While these statistics are alarming, there is some good news: Mounting research points to the promise of mindfulness—paying attention to your present thoughts, feelings, and sensations without judging them—in helping people alleviate depression. Studies have suggested that mindfulness-based cognitive therapy is just as effective as medication in preventing depression relapse among adults with a history of recurrent depression, and in reducing depressive symptoms among those with active depression.

In his new book When Antidepressants Aren’t Enough: Harnessing the Power…

Micah Mortali: Rewilding

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"Micah Mortali is the director of the Kripalu School, and a longtime wilderness guide. With Sounds True, he has published Rewilding: Meditations, Practices, and Skills for Awakening in Nature. In this episode of Insights at the Edge, Tami Simon speaks with Micah about humanity's growing disconnection from the earth and how "rewilding" can help slow that trend. They talk about rewilding both as individuals and as part of whole ecosystems. Micah also shares the story of an intense, revelatory trail encounter with a bear and comments on the "species loneliness" of urban environments. Mulling the sense of grief they have for humankind's effects on the environment, Tami and Micah consider how modern people can grapple with being in exile from the natural world. Finally, they discuss the barriers many have to reentering nature, as well as ways to initiate your own rewilding experience no matter where you are."


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Kahlil Gibran on Befriending Time

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"There is something odd about this notion of time as property. We are asked to give things time; we speak of taking time time off of something, time toward something. But how do we give or take this fine-grained sand that slips through the fingers the moment we try to cup it? Perhaps time is not so much the substance in the hand as the substance of the hand." Maria Popova explores Kahlil Gibran's reflections on time in this post.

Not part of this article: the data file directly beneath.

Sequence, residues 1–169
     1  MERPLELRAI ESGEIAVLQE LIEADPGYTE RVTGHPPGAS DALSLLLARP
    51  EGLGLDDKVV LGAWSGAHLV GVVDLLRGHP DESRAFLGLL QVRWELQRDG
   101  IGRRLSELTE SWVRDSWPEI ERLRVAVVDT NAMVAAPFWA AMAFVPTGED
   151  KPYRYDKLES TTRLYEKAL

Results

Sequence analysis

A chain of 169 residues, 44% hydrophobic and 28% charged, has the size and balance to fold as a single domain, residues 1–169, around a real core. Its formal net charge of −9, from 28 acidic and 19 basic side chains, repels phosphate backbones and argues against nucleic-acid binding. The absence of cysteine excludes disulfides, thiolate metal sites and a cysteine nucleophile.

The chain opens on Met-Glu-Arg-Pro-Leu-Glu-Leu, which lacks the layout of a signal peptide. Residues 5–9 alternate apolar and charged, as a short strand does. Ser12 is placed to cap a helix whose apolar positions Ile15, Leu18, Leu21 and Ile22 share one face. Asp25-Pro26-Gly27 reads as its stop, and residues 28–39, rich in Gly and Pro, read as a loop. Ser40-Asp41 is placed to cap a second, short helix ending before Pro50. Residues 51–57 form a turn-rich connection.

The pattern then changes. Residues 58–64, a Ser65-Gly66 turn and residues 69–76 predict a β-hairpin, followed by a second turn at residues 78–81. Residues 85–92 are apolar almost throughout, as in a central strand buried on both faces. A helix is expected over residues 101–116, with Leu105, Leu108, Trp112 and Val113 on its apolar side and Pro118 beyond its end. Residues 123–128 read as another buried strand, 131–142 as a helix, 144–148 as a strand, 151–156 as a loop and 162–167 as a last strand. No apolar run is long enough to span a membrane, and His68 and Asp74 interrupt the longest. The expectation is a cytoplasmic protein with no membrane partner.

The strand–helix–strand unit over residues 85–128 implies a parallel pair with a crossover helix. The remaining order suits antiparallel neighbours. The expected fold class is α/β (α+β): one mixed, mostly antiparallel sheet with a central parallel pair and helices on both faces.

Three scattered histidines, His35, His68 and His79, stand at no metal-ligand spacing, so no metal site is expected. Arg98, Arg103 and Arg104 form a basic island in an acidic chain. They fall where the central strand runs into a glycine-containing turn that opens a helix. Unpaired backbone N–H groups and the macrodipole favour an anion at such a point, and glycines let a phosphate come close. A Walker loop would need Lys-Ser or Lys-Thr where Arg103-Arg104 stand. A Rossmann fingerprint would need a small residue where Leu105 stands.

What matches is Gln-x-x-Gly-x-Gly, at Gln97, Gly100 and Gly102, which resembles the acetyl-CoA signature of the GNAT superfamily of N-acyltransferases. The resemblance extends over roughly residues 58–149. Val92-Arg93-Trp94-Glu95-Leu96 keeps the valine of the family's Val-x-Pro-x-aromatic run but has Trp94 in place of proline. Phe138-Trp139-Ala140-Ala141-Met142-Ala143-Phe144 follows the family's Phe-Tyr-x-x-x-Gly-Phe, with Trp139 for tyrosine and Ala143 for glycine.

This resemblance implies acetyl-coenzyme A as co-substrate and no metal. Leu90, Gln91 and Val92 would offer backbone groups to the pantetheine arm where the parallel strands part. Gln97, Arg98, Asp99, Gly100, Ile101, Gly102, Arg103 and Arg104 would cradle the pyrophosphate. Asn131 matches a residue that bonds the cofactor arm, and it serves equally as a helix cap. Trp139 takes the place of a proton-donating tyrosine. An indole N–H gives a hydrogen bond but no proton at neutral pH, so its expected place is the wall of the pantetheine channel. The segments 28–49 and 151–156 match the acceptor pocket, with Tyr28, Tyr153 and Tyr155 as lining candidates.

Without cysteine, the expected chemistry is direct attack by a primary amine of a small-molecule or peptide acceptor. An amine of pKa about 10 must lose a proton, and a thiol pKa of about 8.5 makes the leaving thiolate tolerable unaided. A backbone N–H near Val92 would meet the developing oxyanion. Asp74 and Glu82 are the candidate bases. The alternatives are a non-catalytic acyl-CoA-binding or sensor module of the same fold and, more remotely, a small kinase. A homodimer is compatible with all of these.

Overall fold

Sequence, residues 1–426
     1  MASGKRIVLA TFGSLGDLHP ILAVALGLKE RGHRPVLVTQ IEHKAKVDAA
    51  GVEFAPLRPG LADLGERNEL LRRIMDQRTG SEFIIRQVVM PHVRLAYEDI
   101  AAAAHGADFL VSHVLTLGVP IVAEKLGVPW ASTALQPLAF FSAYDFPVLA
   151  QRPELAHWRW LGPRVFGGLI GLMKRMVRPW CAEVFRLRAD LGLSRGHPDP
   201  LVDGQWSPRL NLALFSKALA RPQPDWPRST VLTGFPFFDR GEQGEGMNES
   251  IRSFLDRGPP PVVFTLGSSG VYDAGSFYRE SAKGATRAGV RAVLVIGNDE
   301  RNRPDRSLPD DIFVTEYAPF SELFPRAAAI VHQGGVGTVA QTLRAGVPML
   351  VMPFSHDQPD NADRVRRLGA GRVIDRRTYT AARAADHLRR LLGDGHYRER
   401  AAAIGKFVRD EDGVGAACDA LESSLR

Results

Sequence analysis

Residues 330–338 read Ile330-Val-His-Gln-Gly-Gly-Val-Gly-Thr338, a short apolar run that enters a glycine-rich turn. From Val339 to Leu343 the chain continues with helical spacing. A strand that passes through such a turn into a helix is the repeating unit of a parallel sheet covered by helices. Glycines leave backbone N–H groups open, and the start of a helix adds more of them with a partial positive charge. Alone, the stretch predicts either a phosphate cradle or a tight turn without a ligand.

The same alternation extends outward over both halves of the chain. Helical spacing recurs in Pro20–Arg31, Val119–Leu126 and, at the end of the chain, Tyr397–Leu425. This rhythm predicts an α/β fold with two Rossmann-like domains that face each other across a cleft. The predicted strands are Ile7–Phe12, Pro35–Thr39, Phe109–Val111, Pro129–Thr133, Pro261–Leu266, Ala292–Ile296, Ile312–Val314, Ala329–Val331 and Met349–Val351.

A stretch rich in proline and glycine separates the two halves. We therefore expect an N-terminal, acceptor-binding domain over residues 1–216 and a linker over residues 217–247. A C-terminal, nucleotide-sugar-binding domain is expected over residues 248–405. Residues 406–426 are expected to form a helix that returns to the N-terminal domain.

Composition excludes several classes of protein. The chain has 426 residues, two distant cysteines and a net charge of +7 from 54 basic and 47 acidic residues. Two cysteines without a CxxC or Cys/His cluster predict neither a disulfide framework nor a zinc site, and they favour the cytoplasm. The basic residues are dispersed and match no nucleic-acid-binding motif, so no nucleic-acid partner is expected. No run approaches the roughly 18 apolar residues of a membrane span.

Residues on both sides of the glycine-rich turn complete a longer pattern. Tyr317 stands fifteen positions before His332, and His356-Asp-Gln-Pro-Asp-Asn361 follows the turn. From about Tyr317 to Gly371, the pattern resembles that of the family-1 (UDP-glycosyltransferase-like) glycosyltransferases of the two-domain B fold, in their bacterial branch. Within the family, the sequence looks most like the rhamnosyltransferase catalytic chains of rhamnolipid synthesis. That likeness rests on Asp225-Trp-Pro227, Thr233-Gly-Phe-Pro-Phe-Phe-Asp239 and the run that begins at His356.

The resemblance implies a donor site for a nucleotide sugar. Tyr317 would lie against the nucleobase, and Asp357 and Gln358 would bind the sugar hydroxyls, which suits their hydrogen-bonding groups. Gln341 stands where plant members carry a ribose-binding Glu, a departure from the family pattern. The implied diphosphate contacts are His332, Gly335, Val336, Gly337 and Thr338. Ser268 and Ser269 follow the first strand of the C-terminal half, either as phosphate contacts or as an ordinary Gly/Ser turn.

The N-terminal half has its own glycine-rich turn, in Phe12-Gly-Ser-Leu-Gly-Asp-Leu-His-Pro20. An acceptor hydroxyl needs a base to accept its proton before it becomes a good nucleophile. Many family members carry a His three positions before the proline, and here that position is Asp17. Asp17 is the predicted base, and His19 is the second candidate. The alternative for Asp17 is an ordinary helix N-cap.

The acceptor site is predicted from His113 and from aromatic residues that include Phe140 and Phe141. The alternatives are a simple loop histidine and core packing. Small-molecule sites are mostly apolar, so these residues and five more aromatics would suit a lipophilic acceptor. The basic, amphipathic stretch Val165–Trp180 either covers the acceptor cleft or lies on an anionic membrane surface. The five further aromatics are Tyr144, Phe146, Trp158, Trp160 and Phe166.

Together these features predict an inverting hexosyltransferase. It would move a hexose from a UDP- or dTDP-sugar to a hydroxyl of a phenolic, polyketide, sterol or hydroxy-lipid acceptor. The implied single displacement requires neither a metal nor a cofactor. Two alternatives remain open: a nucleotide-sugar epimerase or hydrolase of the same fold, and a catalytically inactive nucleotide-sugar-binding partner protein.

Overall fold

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Why I Run

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"It is just after 4:00 am. I was dreaming about Missoula, running around Mount Sentinel just before dawn. I threw on a blue hoodie and began reciting in my sleep why I run."

Inspired by Terry Tempest William's evocative reflections in "Why I Write," long-distance runner and writer Nicholas Triolo offers this lovely stream of consciousness exploration of why he runs.


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What Happens When You Tell Your Story and I Tell Mine?

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Sometimes, empathy isn't enough. New research reveals how taking and giving perspectives can help us to bridge our differences.

By Zaid Jilani


As a white man who grew up in Texas, John Howard Griffin was curious about the lives of African Americans who lived under America’s Jim Crow system in the late 1950s. So, he embarked on a bold experiment. He decided to darken his skin, live as a black man, and write a book informing his fellow white citizens about how it feels to be on the other side of the racial divide.

“How else except by becoming a Negro could a white man hope to learn the truth?” he wrote on the first page of the book, titled Black Like Me. “The Southern Negro will not tell the white man the truth. He long ago learned that if he speaks a truth unpleasing to the white, the white will make life miserable for him. The only way I could see to bridge the gap between us was to become a Negro.” Published in 1961, Black Like Me went on to sell 10 million copies all over the world…